WhatsApp India limits forwards to one chat at a time to combat coronavirus fake news

deccan chronicle  | Annie Thomas

Technology, In Other News

The messaging app earlier restricted forwards to five chats but it did not prove effective enough against the spread of misinformation

The update has come to India first, in an indication of how widely the platform is being used to spread unverified information in the country. It will soon be rolled out globally.

Chennai: WhatsApp on Tuesday put spokes in the ever-turning wheel of misinformation by restricting forwards to just one chat at a time. The update has come to India first, in an indication of how widely the platform is being used to spread unverified information in the country. It will soon be rolled out globally.

Similarly in August 2018, WhatsApp limited forwarding to five chats after the platform found it was being used extensively in India to spread misinformation, fake news and propaganda.

The app, which has 2 billion users worldwide introduced the curbs globally around January 2019. NDTV reported that WhatsApp claimed the restrictions led to a 25 per cent decrease in forwards globally.

The report also cited consulting firm Kantar as having found a 40 per cent increase in WhatsApp usage as COVID-19 began spreading globally. The messaging app owned by Facebook was reported to have made the “greatest gains” in usage among social media apps.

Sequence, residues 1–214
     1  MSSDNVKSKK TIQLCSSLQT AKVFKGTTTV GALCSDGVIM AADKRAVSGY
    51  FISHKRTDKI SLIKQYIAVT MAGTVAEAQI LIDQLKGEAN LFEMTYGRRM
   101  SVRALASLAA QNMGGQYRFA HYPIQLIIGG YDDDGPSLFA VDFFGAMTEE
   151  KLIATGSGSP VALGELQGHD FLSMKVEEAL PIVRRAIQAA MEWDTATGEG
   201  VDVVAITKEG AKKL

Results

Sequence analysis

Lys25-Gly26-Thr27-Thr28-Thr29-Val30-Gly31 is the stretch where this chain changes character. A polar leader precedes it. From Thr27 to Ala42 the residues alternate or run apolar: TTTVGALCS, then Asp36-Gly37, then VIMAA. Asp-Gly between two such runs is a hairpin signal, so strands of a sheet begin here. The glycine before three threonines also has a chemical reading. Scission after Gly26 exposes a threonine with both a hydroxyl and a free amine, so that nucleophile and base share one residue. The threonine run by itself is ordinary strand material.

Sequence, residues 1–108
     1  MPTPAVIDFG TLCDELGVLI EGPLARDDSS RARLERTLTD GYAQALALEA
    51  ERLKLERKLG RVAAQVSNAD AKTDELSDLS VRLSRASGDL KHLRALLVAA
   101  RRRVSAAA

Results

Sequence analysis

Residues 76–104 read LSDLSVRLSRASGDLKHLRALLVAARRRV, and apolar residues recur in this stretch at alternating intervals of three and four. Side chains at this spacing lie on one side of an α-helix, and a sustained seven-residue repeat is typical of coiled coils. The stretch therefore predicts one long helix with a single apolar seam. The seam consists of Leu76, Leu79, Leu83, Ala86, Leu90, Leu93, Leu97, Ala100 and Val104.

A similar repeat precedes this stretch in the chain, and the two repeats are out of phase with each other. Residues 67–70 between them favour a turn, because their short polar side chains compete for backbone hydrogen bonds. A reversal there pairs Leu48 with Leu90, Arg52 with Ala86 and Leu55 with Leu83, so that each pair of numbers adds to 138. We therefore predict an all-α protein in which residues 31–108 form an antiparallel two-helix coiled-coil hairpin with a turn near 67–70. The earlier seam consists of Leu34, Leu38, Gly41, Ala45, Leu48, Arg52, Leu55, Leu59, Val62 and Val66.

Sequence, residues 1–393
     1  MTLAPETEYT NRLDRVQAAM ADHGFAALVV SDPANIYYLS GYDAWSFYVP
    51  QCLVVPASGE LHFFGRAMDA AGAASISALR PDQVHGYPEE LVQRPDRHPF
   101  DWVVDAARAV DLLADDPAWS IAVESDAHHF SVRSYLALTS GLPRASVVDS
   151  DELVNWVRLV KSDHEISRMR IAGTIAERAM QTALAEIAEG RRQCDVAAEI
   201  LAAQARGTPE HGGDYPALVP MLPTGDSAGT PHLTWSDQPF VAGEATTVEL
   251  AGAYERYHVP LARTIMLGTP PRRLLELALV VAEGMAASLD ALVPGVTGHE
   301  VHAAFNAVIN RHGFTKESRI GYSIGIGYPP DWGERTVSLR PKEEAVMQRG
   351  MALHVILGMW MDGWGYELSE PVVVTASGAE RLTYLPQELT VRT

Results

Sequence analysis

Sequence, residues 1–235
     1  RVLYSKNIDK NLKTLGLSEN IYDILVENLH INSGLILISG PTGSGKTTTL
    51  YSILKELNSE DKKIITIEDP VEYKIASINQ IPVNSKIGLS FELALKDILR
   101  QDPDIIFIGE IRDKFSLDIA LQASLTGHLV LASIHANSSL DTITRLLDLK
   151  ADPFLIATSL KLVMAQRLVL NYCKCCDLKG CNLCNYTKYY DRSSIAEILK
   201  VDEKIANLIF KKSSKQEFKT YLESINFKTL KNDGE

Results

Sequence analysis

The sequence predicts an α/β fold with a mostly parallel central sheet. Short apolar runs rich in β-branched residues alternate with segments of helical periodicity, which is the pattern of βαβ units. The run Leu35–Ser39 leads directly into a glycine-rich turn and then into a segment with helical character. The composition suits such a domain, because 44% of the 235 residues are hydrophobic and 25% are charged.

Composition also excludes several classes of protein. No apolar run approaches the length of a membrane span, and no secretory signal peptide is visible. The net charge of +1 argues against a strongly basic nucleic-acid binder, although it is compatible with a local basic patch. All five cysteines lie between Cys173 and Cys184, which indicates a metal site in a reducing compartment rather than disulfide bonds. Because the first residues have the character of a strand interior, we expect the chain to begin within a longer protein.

Now, with fake news threatening to derail efforts to combat the deadly coronavirus pandemic, WhatsApp, which has 400 million users in India, has introduced the stricter curbs in the country.

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However, one can still use the forward option several times to send a message to multiple users or copy a message and paste it to various chats.

To ensure that users got only authoritative information on COVID-19, WhatsApp had recently collaborated with the Government of India to create a chat bot to answer queries.

Earlier, in August, WhatsApp added a ‘Forwarded’ label to messages that were not composed by a close contact of the user.

Last month, the app also took measures to mark certain forward messages as requiring verification, on its beta version. A magnifying lens icon appearing alongside the message prompted users to search online and verify the content. But since the update has not been rolled out for all users, several messages and videos were still being shared without being flagged in any manner.

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